Sketch: Mad Max and the Road to Brexit

Written by Liam Kirkaldy on 23 February 2018 in Comment

Sketch: David Davis uses a keynote speech on Brexit to start talking about the plot of Mad Max

David Davis - image credit: Iain Green

The road to hell, famously, is paved with good intentions. At the moment, it’s unclear if the same is true of Brexit.

Certainly, that was David Davis’s concern, with the Secretary of State for Exiting the EU deployed to Vienna as part of the recent series of ‘Road to Brexit’ speeches, aimed at reassuring the public that we are not heading towards economic apocalypse.

Yet, hunched over the lectern, gripping it by either side in an apparent attempt to steady himself, it was hard to remember that Davis had actually gone to Austria to settle everyone else’s nerves.

But that was the aim, with the Brexit secretary repeatedly stressing that leaving the EU would not mean giving up on Europe, stripping away workers’ rights or dismantling environmental protections.

He said: “Now, I know that for one reason or another there are some people who have sought to question that these are really our intentions.

“They fear that Brexit could lead to an Anglo-Saxon race to the bottom, with Britain plunged into a ‘Mad Max’-style world borrowed from dystopian fiction. These fears about a race to the bottom are based on nothing, not our history, not our intentions, nor our national interest.”

We won’t plunge ourselves into a ‘Mad Max’-style dystopian future? Well now, David, surely the British public should be the judge of that. Think how much we would save for spending on the NHS if we abolished society.

And, anyway, it would be totally unfair to claim that Brexit will leave the UK in some sort of ‘Mad Max’-type situation. For one thing, we can’t guarantee there will be roads. Also, say what you want about Mad Max – a film where society, in a state of disarray, is dominated by roving motorcycle gangs – but at least they had freedom of movement.

No, no. If we have learned anything from the past couple of years, it’s that the UK is perfectly capable of creating its own hellish future. A bespoke dystopian deal. If we don’t want the Norwegian model then we could go for a Planet of the Apes-style approach instead, for example. Or Wicker Man.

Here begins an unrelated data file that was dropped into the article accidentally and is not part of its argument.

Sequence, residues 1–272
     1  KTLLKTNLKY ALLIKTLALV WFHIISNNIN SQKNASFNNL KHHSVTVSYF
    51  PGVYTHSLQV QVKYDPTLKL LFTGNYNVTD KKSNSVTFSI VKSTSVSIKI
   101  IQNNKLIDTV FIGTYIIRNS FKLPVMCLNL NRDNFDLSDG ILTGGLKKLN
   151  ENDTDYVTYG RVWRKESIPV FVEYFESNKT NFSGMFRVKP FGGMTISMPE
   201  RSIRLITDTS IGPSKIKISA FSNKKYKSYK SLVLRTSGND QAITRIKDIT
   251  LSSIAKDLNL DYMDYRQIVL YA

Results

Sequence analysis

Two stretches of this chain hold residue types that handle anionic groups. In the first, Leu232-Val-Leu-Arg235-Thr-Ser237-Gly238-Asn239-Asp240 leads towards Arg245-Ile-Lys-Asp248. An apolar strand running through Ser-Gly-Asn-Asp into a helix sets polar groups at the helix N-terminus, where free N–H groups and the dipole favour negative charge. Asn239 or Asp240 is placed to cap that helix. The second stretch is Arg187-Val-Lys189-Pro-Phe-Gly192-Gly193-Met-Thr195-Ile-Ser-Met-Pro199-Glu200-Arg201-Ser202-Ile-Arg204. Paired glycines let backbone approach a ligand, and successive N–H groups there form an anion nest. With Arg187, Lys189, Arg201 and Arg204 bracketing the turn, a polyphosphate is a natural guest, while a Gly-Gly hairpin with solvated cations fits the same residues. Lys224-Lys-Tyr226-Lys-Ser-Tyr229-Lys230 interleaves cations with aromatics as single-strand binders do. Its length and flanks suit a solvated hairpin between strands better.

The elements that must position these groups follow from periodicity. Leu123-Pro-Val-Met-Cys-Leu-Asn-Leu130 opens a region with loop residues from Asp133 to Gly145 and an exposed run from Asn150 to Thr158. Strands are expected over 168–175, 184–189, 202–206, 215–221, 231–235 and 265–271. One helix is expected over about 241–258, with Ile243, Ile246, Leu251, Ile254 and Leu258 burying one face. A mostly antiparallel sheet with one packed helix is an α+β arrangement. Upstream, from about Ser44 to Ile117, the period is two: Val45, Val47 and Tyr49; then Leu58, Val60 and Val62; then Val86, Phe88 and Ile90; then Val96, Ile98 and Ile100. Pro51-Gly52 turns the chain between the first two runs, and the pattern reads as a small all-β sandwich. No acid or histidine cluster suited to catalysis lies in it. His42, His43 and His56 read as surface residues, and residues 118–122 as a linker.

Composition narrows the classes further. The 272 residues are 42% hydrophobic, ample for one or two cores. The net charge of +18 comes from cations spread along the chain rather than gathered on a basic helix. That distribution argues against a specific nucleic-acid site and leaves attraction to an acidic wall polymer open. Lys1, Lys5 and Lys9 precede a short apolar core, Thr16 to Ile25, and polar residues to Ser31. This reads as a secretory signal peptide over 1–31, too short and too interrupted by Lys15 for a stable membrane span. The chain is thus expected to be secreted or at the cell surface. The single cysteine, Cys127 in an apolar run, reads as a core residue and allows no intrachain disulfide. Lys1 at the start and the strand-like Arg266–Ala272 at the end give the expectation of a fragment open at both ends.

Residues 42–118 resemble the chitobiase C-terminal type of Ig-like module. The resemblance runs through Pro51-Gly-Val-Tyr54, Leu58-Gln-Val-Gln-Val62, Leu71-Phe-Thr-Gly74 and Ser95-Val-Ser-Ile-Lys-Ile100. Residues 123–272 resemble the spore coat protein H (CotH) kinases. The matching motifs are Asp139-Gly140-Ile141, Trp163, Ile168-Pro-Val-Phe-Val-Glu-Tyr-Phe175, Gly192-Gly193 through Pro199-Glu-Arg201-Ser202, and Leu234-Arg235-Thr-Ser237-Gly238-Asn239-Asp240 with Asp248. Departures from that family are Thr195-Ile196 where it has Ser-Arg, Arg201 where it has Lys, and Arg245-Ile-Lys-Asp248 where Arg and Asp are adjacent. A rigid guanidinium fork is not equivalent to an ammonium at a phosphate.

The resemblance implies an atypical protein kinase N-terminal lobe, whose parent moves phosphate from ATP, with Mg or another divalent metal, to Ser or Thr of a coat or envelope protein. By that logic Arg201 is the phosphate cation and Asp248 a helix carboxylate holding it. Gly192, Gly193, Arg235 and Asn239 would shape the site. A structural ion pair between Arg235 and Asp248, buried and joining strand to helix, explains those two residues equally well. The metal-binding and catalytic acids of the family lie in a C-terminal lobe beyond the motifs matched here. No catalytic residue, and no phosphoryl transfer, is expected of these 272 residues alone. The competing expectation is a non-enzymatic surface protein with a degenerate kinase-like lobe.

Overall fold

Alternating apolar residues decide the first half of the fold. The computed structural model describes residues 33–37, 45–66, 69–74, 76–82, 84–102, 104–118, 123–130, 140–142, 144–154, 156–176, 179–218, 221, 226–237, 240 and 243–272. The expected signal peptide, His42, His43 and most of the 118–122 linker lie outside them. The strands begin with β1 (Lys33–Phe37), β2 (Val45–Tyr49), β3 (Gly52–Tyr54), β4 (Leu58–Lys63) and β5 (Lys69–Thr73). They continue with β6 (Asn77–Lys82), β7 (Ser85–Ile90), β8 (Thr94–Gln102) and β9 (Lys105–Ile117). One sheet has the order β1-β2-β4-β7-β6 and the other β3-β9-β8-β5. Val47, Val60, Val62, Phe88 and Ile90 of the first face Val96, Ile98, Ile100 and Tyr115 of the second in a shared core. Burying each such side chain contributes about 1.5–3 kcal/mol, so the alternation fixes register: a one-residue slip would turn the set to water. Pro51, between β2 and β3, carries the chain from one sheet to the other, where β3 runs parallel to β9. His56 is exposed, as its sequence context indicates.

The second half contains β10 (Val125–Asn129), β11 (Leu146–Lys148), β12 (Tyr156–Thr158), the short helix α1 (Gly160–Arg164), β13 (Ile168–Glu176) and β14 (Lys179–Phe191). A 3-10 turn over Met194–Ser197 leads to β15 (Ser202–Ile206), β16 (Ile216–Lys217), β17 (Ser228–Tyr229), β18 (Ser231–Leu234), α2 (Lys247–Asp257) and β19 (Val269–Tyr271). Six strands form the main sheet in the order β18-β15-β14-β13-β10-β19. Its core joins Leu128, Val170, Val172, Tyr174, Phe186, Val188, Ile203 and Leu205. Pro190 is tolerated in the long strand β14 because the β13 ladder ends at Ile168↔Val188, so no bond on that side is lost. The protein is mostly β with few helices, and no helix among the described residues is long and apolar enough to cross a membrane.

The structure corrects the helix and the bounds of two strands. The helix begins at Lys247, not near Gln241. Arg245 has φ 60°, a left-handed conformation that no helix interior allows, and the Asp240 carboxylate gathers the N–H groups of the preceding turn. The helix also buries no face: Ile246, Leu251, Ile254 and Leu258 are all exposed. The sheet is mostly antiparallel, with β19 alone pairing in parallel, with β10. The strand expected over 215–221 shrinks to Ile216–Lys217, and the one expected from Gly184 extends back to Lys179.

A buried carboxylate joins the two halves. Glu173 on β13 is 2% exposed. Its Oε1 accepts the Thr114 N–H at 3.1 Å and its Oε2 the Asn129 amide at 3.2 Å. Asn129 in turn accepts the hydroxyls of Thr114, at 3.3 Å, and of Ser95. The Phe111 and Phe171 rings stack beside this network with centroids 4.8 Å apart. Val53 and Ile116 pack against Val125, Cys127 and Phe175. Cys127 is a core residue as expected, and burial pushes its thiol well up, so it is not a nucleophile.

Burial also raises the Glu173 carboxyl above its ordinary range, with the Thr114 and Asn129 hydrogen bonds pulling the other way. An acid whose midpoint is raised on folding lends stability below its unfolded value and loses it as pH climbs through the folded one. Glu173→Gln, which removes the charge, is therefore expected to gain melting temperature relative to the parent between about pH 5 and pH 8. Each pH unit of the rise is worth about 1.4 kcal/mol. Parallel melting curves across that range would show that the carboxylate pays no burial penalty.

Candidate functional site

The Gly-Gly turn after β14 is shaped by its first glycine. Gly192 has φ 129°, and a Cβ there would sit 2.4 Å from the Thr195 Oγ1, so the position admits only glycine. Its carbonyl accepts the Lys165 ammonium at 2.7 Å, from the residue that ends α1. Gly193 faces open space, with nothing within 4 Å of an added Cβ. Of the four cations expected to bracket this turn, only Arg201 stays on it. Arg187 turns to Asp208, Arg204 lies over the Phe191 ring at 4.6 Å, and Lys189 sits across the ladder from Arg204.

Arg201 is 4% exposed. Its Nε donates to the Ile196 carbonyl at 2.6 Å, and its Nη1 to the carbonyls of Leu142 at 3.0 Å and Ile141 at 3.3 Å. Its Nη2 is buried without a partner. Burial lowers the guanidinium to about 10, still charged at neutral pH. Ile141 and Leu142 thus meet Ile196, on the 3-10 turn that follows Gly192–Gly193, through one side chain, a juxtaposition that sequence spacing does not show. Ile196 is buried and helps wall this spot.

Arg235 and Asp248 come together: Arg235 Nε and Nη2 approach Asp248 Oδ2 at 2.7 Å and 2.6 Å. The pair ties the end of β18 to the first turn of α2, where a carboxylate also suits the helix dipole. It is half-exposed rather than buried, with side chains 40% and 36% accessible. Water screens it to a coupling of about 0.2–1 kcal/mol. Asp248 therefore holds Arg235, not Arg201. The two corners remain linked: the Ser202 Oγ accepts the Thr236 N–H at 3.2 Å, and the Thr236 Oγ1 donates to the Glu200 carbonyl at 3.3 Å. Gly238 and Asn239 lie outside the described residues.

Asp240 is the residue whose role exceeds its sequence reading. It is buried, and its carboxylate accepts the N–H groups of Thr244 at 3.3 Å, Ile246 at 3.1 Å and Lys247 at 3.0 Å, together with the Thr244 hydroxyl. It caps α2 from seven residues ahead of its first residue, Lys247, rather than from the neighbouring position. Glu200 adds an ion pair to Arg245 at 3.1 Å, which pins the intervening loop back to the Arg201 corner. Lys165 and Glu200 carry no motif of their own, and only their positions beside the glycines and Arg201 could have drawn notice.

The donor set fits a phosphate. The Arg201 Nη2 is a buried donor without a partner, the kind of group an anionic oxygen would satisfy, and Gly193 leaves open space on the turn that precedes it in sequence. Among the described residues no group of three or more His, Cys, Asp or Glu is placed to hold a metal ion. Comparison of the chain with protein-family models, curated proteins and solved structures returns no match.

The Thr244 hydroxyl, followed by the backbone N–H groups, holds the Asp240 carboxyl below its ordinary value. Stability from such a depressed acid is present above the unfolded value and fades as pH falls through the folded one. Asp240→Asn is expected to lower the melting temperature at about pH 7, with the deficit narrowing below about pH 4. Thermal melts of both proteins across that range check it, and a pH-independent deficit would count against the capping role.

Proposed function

But probably the most depressing bit of Davis’s speech was yet to come. To be honest, it hadn’t been going brilliantly up till then, and so Davis changed tack, attempting to win over the audience with plans to develop “a long-term regulatory framework for self-driving vehicles, while updating our code of practice for testing them”.

A long-term regulatory framework – nice. It was technical. It was policy-based. It was incredibly boring. It should have been music to the EU’s ears. But they didn’t bite. Continuing, he said: “We will continue our track record of meeting high standards, after we leave the European Union.”

But still, the audience didn’t seem convinced. Maybe they couldn’t understand him. Was he not speaking loudly enough? Were they deaf? Or was it something to do with the fact he has spent his entire career attacking the basic integrity of the people he was now trying to charm? It was impossible to say. So he switched again.

“I soon expect to receive my deliveries from Amazon by drone,” he boasted, though presumably, he didn’t mean during his speech. “In fact – at this moment, weather permitting, at my home in Yorkshire – a robot lawnmower, designed in Sweden and built in the North East of England, will be mowing the grass.”

Robot lawnmowers. At least in Mad Max they had cars. In Davis’s half-baked attempt at dystopia, we’ll be stuck holding running motorway battles on the back of souped-up lawnmowers. To be honest, that’s probably the sort of dystopia the British public deserves – yes, our society is in a violent state of collapse, but on the other hand, we do have immaculate lawns.

Of course, the most worrying thing about the ‘Mad Max’ reference was that it was totally unprompted, which made it all the more suspicious. Normally, with a minister’s speech, it goes without saying that they aren’t planning to plunge society into collapse. You don’t need to clarify that. It’s like greeting someone with a smile, while emphasising that you aren’t going to hurt them – it’s just not an effective way to spread confidence.

After all, they haven’t ruled anything else out, meaning we now basically have to assume that, until we are told otherwise, any other type of dystopian future could be on the cards.

But, apart from anything else, Davis doesn’t seem like someone who would last particularly long in a state of anarchy. Longer than Boris Johnson, maybe – he’s too slow, too identifiable to hide from a mob – but he probably wouldn’t do as well as Theresa May.

Desperation can make people do things they would never have thought possible after all, yet it’s surprisingly difficult to imagine an apocalyptic post-societal breakdown which didn’t benefit Theresa May’s career in one way or another. Yes, we’re all sitting in caves eating rats, but what are you going to do – vote for the Lib Dems?

Of course, that doesn’t mean Britain is cruising into disaster. In fact, we are now actively trying to avoid it. Though naturally, we can’t be sure what’s further up the road.




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